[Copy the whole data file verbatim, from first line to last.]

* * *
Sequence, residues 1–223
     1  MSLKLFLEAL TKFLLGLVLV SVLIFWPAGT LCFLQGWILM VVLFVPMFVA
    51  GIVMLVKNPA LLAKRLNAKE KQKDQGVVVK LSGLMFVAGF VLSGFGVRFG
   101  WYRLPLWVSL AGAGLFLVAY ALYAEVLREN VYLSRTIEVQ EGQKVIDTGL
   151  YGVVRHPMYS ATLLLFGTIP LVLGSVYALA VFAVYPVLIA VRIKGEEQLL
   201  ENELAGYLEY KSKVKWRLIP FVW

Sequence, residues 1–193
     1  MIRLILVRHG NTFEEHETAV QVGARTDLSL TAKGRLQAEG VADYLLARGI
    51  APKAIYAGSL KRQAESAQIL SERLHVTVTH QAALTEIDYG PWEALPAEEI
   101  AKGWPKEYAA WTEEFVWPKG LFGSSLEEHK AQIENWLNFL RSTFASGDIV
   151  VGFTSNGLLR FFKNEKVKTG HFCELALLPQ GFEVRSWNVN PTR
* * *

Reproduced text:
Sequence, residues 1–223
     1  MSLKLFLEAL TKFLLGLVLV SVLIFWPAGT LCFLQGWILM VVLFVPMFVA
    51  GIVMLVKNPA LLAKRLNAKE KQKDQGVVVK LSGLMFVAGF VLSGFGVRFG
   101  WYRLPLWVSL AGAGLFLVAY ALYAEVLREN VYLSRTIEVQ EGQKVIDTGL
   151  YGVVRHPMYS ATLLLFGTIP LVLGSVYALA VFAVYPVLIA VRIKGEEQLL
   201  ENELAGYLEY KSKVKWRLIP FVW

Sequence, residues 1–193
     1  MIRLILVRHG NTFEEHETAV QVGARTDLSL TAKGRLQAEG VADYLLARGI
    51  APKAIYAGSL KRQAESAQIL SERLHVTVTH QAALTEIDYG PWEALPAEEI
   101  AKGWPKEYAA WTEEFVWPKG LFGSSLEEHK AQIENWLNFL RSTFASGDIV
   151  VGFTSNGLLR FFKNEKVKTG HFCELALLPQ GFEVRSWNVN PTR